While financing from various governmental levels remains essential, Meo has dramatically stepped up corporate and individual giving, abetted by a 2014 law granting individuals a tax credit of 65 percent of the amount of cultural contributions. The Teatro Regio does not rank among Italy’s opera houses known as “enti lirici,” but rather is a “teatro di tradizione.” This has its advantages, Meo pointed out, because it is not obliged to maintain an orchestra and, accordingly, has fewer fixed costs. For the current festival, responsibilities are shared by Parma-based Filarmonica Arturo Toscanini and the orchestra of Bologna’s Teatro Comunale.

Meo has stimulated involvement of the local populace by doing everything from arranging for dozens of free ancillary events to encouraging restaurants to open earlier in the evening so that visitors who like to dine before performances can do so. In a city celebrated for its namesake cheese and prosciutto, eating is a cherished activity.

The other three productions—like Stiffelio, all new—had points in their favor, even the least satisfactory one, La Traviata in a Regietheater staging by Andrea Bernard. Depicting Violetta as the proprietor of an auction house rather than a prostitute made nonsense of the plot, but worse was having Alfredo bring along his subsequent female companion for his reunion with the dying Violetta, nullifying the dramatic rationale of Verdi’s music for the rest of the opera. Nonetheless, the exquisite, technically assured Violetta of Isabel Lee, a young Milan-trained South Korean reportedly in her first staged opera, proved a sensation. And the charming, 300-seat theater in Verdi’s home town of Bussetto proved a fine place to appreciate her talents.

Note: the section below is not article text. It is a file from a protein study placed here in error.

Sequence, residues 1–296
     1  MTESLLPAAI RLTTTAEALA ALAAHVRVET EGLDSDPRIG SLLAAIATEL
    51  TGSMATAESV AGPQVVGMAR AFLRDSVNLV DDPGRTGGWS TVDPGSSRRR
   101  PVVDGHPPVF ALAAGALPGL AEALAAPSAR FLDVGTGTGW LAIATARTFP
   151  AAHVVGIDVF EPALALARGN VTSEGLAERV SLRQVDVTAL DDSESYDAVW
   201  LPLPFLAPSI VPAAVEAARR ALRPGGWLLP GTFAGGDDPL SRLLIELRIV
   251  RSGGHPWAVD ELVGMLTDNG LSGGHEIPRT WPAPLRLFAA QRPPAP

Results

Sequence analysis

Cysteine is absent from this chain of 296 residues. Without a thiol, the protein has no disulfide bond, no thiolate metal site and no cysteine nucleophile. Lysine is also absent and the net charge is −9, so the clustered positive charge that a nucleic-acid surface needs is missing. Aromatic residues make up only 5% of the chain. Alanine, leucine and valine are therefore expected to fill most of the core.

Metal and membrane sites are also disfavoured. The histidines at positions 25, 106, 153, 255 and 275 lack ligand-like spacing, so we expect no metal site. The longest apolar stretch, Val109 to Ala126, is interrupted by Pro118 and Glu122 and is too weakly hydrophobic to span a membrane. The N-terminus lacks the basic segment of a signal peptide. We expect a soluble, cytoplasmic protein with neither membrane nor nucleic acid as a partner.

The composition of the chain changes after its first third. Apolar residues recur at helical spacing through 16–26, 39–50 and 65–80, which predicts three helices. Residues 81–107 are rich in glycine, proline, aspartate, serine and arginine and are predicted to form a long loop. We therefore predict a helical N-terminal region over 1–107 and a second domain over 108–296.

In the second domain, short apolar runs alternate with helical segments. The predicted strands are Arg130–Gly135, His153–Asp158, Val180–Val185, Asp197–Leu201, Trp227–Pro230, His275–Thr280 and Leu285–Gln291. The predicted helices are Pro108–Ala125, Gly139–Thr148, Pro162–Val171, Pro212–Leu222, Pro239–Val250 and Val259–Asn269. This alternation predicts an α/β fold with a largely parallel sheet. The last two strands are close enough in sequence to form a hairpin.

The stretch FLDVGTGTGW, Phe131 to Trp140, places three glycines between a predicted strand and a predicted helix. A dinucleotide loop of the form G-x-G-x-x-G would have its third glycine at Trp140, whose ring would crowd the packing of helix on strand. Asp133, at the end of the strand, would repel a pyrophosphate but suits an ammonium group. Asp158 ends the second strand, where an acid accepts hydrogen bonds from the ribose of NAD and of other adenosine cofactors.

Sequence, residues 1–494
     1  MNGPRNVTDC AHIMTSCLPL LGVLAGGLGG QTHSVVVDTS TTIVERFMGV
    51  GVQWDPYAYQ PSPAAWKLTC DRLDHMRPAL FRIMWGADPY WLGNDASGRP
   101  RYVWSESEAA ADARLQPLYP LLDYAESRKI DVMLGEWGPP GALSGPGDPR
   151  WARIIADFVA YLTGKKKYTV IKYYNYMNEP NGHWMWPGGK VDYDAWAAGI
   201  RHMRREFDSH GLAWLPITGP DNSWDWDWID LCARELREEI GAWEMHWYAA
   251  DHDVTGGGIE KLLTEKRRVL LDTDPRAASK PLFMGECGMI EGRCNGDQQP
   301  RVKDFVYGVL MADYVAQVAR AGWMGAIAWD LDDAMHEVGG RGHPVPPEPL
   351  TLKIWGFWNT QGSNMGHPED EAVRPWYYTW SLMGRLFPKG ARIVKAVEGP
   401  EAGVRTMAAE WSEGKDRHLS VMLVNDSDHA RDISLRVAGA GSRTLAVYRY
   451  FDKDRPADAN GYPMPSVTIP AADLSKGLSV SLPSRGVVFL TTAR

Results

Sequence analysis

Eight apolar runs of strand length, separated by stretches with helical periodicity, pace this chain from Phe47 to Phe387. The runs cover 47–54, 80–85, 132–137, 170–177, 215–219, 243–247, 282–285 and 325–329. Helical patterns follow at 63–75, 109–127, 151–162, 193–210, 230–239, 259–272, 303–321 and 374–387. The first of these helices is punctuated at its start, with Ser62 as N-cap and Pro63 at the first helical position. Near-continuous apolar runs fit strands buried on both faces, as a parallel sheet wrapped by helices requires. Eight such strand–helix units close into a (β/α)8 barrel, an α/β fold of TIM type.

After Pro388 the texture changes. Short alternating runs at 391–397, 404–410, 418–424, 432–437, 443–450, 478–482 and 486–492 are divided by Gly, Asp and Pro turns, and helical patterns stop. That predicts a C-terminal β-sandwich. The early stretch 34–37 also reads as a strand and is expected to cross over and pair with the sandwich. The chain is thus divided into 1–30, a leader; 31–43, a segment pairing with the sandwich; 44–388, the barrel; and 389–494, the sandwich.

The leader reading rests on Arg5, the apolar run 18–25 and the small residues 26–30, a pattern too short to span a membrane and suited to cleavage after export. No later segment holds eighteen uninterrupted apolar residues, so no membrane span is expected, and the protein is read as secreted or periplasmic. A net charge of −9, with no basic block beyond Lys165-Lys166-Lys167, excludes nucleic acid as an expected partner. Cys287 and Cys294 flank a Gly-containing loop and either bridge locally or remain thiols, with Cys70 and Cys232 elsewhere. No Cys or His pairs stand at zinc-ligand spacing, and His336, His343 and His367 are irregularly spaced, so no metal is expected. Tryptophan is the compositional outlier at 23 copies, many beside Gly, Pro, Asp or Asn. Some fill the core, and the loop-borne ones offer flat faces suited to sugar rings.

If Stiffelio and Traviata had a modern look, they were balanced by traditional stagings of Jérusalem and Falstaff in the Teatro Regio. It was a treat to encounter Verdi’s first opera for Paris, which improved on I Lombardi, from which it was fashioned, yet has never emerged from the earlier opera’s shadow. The production by Hugo de Ana, who was a presence during the Muti years at La Scala, was characteristically lavish in the monumentality of its sets, the resplendence of its projections, and the vividness of its costumes. When one wondered whether décor depicting a palace in Toulouse might also serve for a desert near Jerusalem in this tale of Crusades, an answer was quickly forthcoming as copious quantities of sand noisily rained onto the stage.

Of the four productions, Jérusalem had the best-known singers. Ramón Vargas was strong as Gaston, a Byronic figure falsely accused of murder and sentenced to die but not before a ceremonial degradation (new to the French version) of his military honor. Annick Massis doesn’t really have the voice for Hélène but was so affective, not least in a rhapsodic account of the “cabaletta della visione,” that all was forgiven. The redoubtable velvet-voiced Michele Pertusi was in top form as Roger. Given the festival’s no-cuts policy, the ballet composed for Paris was included, all 25 minutes, in attractive choreography by Leda Lojodice, and the opera was ably conducted by Daniele Callegari. 

Falstaff in Jacopo Spirei’s zesty staging got off to a rollicking start when the fat knight sat on a chair and the whole stage tilted. Clever too were Nikolaus Webern’s sets, which, in lieu of an indoor setting, depicted a residential intersection (with yellow-blinking traffic light) for the women’s first scene, thereby emphasizing the neighborliness of the Fords and Pages. Although the cast was mixed, it benefited mightily from the Falstaff of the young Georgian baritone Mikheil Kiria. Possessed of the physique du rôle and a booming voice, he had everything the role demands, including a leggero touch for certain delectable phrases. Juan Francisco Gatell and Damiana Mizzi did well as the young lovers, and Verdi’s miraculous final score was led with style and authority by Riccardo Frizza.